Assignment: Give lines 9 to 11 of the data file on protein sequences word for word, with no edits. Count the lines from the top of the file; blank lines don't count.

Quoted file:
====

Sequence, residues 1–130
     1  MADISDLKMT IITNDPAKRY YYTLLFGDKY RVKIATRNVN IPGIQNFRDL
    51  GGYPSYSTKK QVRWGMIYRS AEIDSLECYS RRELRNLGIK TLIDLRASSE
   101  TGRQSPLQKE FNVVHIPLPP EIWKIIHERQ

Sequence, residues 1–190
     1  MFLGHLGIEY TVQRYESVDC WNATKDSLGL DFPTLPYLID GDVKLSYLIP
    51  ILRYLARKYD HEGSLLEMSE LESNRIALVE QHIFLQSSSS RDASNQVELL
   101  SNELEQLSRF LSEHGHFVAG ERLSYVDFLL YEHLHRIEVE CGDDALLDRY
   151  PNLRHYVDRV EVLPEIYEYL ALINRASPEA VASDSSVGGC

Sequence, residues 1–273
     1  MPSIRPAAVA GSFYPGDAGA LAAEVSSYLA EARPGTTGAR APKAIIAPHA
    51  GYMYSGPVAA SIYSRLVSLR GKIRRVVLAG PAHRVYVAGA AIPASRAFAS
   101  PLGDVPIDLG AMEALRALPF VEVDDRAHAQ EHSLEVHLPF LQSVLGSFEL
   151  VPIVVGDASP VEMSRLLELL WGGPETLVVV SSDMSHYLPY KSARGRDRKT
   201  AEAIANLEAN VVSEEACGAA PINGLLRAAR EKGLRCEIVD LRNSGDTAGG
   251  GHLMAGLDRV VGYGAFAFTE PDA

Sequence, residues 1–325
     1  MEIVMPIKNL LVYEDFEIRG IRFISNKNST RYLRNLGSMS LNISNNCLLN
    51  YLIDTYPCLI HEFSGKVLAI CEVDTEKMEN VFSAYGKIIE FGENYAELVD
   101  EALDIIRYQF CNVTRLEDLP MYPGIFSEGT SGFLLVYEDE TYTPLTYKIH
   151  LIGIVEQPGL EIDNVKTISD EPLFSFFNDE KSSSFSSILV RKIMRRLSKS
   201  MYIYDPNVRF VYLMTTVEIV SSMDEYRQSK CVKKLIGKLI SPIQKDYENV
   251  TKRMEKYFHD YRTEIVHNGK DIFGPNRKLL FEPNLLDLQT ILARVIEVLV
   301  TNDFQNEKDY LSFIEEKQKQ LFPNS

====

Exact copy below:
   151  PNLRHYVDRV EVLPEIYEYL ALINRASPEA VASDSSVGGC

Sequence, residues 1–273
     1  MPSIRPAAVA GSFYPGDAGA LAAEVSSYLA EARPGTTGAR APKAIIAPHA